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There are a couple things on the Leopard 4600 that I have to shake my head and wonder “why would the designers do that?” I’m sure that would be the case with most boats. Here is one such thing. On the forward cross bar between the hulls, just to port of the headstay, is a bow roller of sorts. It’s not the primary bow roller as the actual anchor well on a 4600 is aft of the trampoline in the center of the boat. That’s where the anchor deploys from.

The easy assumption is that it’s for a secondary anchor but if that’s really the designers’ intent, how is it supposed to work? Even if the rode was flaked out on the trampoline before letting the anchor go, how would the bitter end of the rode be secured to the boat? Also, what’s with the pin on that roller? What kind of anchor could that possibly secure? For the record, this bow roller exists on every 4600 and if I’m not mistaken, on other Leopard models as well. That said, I have never come across a single Leopard with an anchor anywhere near that roller. Anyone care to take a crack at explaining this to me?

See follow-up post and comments here.

47 Comments

  1. Good morning Mike. The roller in your photo does not look like it was ever intended to be used with an anchor….as the pin is to close to the roller. My opinion is that it is used as a lead for a trip line on your anchor.
    Capt Rich

    • I don’t know, Rich. I could be entirely wrong but I think you’re taking a pretty big leap there. Of course, as I wrote, I don’t think it’s set up for an anchor either.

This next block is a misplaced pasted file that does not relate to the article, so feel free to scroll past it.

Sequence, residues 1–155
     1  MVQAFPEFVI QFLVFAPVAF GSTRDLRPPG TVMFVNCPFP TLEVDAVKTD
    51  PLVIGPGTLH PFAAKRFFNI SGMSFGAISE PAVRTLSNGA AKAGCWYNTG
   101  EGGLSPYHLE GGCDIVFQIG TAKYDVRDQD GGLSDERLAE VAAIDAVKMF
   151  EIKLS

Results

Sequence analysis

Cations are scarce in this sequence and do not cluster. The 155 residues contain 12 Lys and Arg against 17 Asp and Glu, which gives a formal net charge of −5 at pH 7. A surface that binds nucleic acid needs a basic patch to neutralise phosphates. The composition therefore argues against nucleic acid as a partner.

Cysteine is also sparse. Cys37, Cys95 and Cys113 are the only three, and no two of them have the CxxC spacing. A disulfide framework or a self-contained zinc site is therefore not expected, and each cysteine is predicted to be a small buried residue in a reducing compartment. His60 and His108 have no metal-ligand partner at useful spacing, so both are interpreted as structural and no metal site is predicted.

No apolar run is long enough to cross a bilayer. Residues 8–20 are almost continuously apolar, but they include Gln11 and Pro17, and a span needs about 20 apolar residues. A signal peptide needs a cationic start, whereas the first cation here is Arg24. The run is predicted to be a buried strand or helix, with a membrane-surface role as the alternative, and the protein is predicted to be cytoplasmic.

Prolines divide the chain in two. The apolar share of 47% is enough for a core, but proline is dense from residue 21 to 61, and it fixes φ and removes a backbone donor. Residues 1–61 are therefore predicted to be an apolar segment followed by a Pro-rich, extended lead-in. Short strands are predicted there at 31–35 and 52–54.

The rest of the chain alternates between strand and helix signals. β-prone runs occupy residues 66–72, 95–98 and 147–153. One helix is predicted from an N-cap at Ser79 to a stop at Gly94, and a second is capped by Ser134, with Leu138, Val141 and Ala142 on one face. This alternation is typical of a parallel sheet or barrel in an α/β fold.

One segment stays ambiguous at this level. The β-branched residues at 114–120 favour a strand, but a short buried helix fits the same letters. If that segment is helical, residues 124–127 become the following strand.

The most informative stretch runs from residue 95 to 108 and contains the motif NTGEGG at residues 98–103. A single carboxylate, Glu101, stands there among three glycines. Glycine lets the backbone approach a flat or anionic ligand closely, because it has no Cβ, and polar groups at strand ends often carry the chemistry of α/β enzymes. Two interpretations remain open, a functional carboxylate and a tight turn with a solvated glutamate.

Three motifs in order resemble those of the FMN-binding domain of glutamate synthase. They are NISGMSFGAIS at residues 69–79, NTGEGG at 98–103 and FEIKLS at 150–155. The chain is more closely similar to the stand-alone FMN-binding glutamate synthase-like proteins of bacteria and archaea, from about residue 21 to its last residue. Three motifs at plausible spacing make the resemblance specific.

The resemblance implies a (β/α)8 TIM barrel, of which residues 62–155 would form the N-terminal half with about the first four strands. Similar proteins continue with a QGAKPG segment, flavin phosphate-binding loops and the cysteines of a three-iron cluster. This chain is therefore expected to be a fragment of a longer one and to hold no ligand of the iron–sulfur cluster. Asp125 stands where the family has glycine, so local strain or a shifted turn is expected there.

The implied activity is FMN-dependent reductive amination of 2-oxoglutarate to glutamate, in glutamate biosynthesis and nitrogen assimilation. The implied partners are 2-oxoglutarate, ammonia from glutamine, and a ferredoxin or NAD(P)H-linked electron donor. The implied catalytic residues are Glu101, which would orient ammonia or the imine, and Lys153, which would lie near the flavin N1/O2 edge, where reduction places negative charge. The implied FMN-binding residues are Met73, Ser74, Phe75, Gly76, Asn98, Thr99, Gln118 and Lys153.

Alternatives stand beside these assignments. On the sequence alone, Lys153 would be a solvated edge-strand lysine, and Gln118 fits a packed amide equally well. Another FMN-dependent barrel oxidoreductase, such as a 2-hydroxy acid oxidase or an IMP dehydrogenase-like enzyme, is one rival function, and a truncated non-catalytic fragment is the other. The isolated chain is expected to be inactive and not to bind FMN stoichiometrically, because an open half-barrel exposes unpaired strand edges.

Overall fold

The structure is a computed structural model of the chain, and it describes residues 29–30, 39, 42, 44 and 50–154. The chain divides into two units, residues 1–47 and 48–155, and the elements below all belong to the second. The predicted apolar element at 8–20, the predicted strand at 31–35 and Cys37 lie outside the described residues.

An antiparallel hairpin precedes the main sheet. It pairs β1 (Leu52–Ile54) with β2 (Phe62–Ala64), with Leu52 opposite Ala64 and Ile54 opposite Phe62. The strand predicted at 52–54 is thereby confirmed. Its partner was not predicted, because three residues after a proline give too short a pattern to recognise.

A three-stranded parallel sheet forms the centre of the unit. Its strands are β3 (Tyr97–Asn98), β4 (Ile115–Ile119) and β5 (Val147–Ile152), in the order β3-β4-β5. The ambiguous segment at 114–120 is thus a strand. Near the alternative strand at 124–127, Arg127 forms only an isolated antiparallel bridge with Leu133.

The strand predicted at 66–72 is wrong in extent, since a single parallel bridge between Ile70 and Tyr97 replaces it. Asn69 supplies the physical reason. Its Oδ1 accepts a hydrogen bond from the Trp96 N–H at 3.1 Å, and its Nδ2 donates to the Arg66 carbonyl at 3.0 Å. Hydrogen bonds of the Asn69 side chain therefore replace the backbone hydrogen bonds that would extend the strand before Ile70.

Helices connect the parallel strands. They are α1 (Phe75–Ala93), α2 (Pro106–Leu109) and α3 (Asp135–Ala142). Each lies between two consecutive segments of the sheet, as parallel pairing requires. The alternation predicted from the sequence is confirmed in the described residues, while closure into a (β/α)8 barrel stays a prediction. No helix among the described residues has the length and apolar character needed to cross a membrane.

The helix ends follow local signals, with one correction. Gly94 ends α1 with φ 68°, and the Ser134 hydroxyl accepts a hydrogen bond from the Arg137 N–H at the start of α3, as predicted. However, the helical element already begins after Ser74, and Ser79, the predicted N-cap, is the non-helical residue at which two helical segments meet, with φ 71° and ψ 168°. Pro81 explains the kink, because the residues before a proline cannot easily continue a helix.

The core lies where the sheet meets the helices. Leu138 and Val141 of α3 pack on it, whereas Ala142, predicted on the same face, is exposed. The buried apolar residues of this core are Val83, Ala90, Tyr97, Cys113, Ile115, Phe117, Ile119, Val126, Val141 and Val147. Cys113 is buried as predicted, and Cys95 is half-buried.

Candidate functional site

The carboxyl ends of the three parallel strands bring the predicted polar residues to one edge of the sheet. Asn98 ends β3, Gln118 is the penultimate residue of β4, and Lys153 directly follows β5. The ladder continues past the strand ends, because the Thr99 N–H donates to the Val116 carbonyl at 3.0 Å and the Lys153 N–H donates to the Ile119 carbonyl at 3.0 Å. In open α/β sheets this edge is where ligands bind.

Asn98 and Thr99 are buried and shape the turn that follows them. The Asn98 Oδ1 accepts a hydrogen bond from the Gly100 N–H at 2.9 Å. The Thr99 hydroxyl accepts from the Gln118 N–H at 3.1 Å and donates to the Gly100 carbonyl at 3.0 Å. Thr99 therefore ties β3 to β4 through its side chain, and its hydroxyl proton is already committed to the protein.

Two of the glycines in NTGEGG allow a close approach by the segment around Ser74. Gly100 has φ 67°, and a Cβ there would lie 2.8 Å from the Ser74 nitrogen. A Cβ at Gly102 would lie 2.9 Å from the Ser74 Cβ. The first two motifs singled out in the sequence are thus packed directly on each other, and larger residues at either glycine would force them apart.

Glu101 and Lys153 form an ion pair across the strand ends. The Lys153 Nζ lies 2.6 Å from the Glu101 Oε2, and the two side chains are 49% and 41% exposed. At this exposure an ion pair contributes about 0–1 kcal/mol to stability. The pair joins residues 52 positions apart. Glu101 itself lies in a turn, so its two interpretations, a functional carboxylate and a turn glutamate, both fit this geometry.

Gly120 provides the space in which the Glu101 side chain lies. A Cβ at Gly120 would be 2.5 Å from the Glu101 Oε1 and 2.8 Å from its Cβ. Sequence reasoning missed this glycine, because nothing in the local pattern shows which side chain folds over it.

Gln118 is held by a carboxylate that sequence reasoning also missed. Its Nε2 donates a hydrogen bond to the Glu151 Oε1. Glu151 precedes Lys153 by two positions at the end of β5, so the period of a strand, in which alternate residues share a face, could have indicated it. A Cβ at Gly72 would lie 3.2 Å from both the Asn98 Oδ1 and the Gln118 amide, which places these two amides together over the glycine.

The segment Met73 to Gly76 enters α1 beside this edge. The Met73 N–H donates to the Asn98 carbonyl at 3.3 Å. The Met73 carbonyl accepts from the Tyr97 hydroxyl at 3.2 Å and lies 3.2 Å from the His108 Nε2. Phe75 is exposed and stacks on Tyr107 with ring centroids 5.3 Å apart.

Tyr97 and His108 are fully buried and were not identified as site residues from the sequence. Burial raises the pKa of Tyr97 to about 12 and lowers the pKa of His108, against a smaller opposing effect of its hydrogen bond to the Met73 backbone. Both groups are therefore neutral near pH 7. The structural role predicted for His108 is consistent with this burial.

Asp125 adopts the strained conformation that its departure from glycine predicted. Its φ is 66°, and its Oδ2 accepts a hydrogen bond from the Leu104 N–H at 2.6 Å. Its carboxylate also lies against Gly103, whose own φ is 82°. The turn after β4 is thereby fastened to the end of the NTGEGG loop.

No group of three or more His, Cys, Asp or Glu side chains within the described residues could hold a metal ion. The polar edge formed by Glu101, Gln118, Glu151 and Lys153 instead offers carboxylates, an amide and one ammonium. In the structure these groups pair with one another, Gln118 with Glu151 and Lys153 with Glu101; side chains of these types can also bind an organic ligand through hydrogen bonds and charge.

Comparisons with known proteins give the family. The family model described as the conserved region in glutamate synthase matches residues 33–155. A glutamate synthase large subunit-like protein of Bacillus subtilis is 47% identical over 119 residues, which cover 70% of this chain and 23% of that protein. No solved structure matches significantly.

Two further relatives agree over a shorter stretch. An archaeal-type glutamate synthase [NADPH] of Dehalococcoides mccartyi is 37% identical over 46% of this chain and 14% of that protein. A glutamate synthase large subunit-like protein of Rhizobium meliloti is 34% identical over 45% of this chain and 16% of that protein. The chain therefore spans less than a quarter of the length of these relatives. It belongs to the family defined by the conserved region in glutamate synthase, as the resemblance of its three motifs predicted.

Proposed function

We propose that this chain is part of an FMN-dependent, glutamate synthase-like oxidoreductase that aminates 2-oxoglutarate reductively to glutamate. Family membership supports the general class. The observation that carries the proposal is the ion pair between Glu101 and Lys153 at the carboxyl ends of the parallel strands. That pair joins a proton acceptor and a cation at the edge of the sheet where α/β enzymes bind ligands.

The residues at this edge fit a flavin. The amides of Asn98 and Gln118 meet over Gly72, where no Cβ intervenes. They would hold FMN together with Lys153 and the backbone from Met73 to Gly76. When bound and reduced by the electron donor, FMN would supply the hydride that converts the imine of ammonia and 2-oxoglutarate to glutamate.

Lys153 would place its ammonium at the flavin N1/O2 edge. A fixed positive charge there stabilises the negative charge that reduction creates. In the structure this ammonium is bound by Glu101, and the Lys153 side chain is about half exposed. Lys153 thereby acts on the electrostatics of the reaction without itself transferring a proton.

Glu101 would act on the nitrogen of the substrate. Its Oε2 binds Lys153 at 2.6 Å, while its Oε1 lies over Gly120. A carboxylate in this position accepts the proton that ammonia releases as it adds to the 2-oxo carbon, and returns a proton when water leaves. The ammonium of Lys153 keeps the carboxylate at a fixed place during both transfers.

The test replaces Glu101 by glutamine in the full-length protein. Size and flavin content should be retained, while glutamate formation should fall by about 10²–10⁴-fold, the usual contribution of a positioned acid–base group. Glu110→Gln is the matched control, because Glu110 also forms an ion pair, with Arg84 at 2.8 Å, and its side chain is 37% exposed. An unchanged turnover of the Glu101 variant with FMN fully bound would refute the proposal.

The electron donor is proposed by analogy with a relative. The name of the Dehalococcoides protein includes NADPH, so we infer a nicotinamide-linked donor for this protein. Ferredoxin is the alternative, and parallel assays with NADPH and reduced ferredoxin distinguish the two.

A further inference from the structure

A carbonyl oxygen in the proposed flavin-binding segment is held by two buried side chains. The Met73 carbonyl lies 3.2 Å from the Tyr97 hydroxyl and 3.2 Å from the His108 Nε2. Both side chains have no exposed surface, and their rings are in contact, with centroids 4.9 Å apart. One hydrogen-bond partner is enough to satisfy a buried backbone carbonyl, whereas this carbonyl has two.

2. Lagoons also have this secondary roller as my 450 does. I can’t really figure it out either but the owners manual indicates, with a photo, having the bridle deployed from it. We tried this, more out of curiousity, and it doesn’t work and makes it awkward to attach the bridle to the chain. No answers here, still curious, but it’s not only Leopards.

    • Thanks for sharing. If a whole bunch of people who sail and live on these boats do not know the purpose of something, it is ill designed and/or explained. That is a fact.

  3. It’s to help pull up your crab traps! 🙂

  4. Mike,
    It looks like it is definitely for your anchor. The anchor is carried under the deck (chain led back to locker) and the trip line is ran through the roller in question.

    I found a picture of one in use this way:
    http://zangeziatlarge.com/2012/06/13/anchor-rollers/

    • Nope. Not the same boat. The 4600 anchor does not deeply from the there. The roller is not designed to carry an anchor under it as in that image.

      And all this talk of trip lines… in all of our travels I have only set a trip line (attached to a float, not to the boat) once, and that was in an area known to have underwater obstructions (Alligator Creek). I don’t know anyone who routinely sets an anchor trip line.

      • Alligator River is also the only place we’ve ever deployed a trip line (we did not need to use it for retrieval). You and I must be reading the same sources…

  5. I’ll go the concept the it’s for when the anchor is hung up, you use that roller to secure the chain and work it free using the bow’s rocking motion. But the crab pot idea hit the spot for me.